Legal Issues

by Mike Masnick


Filed Under:
copyright, isps, piracy

Companies:
congress, mpaa, riaa



Howard Berman To Force ISPs To Do RIAA's Bidding

from the the-representative-from-hollywood-strikes-again dept

First Congress tried to require universities to act as the RIAA's servants (or Congress would take away funding) and now they're trying to do the same thing to ISPs. Rep. Howard Berman (who continually lives up to his nickname of being the Representative from Disney), the head of the Intellectual Property subcommittee (which, as Larry Lessig has pointed out, is like asking a Representative from Detroit to head up the committee on auto safety), is about to introduce legislation that would require ISPs pass on RIAA/MPAA threat letters to subscribers (found via TorrentFreak). Of course, Berman doesn't seem to note that the entertainment industry process is based on extremely flimsy evidence and the whole "settlement process" amounts to little more than an extortion shakedown from the entertainment industry. It's not easy to fight back, and often people feel compelled to settle. With ISPs forced to do their bidding, it will only encourage the entertainment industry to send out notices based on even weaker evidence, since the whole thing has become a revenue generator for them -- and this will simply increase their channel -- all with government support. This is making a mockery of the intent of copyright.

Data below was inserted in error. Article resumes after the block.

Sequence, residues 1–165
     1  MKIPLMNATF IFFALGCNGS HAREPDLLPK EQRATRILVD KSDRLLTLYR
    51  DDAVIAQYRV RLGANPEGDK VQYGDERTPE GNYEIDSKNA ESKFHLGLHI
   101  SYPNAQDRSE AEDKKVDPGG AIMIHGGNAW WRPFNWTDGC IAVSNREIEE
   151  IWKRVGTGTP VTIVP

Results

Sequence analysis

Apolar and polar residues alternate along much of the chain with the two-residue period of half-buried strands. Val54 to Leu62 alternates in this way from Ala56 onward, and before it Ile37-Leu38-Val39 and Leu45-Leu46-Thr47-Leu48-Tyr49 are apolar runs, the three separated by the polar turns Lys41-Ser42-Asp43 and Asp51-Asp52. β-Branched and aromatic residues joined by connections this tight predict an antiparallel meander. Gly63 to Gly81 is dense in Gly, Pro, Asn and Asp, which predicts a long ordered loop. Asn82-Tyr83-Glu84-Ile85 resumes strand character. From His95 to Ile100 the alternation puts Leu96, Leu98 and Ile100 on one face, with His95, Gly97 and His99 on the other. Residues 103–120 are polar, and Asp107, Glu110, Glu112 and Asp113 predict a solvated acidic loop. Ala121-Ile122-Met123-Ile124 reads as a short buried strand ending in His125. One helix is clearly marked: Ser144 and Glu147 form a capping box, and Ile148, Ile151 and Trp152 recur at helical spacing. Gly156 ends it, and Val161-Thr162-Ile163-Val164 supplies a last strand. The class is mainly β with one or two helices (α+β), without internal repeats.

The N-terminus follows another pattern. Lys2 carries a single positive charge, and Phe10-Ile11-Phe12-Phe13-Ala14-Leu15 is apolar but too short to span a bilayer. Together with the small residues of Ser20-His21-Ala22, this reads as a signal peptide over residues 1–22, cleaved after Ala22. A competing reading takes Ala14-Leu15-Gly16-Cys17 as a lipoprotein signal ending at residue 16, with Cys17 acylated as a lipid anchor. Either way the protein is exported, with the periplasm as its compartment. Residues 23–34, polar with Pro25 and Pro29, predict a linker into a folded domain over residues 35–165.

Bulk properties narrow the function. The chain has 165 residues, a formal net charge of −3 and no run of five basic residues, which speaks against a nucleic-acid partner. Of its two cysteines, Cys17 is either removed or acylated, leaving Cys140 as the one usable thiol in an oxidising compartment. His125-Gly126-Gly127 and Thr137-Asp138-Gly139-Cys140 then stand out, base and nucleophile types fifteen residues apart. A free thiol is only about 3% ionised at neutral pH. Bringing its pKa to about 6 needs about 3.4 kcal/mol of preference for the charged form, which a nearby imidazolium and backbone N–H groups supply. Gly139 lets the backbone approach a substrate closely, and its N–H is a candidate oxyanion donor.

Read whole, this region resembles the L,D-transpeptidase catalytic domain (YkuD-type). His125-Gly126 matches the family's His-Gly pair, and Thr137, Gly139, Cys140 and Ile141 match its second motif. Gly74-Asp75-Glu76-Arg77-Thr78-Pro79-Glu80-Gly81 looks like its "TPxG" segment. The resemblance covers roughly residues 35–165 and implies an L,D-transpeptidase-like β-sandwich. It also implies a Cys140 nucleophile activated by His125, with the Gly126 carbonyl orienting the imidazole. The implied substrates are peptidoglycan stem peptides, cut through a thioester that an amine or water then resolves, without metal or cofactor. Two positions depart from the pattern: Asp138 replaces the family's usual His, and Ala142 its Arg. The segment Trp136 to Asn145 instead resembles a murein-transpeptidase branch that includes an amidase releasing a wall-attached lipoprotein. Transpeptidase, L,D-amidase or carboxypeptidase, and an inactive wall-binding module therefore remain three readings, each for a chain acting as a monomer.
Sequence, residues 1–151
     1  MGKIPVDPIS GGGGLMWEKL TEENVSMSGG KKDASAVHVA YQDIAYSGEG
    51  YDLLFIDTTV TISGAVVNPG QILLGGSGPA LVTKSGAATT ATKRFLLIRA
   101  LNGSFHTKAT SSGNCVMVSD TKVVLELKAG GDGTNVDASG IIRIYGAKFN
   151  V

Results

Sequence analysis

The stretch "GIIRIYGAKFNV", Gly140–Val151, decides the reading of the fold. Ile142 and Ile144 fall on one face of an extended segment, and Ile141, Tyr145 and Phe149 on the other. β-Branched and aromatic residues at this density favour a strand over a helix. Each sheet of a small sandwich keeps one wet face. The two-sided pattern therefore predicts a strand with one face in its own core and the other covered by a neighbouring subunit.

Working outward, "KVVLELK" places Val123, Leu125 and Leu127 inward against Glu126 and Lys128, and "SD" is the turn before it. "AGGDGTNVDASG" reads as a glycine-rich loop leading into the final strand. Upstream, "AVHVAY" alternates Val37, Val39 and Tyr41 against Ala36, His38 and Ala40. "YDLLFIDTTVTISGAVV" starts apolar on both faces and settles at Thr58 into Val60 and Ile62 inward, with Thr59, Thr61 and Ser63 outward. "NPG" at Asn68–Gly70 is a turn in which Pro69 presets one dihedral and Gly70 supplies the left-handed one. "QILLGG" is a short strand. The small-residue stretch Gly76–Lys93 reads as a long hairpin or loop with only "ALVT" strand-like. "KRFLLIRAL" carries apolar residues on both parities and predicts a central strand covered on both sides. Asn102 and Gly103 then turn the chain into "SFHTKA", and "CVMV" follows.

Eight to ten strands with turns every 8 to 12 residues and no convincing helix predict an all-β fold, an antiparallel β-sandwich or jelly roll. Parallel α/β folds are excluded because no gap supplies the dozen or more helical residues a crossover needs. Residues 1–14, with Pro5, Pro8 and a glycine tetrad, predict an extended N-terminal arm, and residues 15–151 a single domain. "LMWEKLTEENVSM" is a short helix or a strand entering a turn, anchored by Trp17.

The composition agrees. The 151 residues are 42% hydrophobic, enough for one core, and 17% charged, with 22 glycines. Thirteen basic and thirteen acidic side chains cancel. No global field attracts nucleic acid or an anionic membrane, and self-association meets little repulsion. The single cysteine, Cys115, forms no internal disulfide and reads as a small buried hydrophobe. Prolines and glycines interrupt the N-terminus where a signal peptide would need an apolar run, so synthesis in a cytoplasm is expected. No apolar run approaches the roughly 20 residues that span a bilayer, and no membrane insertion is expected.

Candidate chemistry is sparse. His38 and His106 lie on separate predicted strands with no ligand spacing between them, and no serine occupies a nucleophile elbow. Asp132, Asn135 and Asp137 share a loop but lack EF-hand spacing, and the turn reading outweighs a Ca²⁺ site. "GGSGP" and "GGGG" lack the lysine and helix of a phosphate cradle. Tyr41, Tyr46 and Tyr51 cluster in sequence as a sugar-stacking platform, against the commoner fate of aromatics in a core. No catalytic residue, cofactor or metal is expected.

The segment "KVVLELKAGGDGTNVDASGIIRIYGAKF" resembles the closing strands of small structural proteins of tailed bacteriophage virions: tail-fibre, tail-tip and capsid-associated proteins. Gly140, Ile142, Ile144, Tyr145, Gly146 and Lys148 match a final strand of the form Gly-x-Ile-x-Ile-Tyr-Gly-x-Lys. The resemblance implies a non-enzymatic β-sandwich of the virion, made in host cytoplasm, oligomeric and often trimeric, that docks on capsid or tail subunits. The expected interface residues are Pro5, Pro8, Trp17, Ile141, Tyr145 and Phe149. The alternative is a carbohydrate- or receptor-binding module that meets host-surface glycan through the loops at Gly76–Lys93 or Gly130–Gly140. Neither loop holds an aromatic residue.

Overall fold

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  1. identicon
    RandomThoughts, 28 Aug 2007 @ 4:41pm

    "Why don't you post a link to the actual court ruling? CNN articles don't exactly make case law, you know. Maybe because it wouldn't actually show what you are purporting?"

    Google copyright theft jeffrey gerand. I included the link earlier but Techdirt staff is "reviewing it. Yeah, it shows exactly what I am purporting.

    Jeffrey received 2 months probation. He wasn't selling anything, just had content available on his website (not for sale.)

    He was charged under the NET Act, which stands for No Electronic THEFT. That seems pretty obvious that the law states that if you violate copyright law, you are in fact a theif.

    Whose your daddy?

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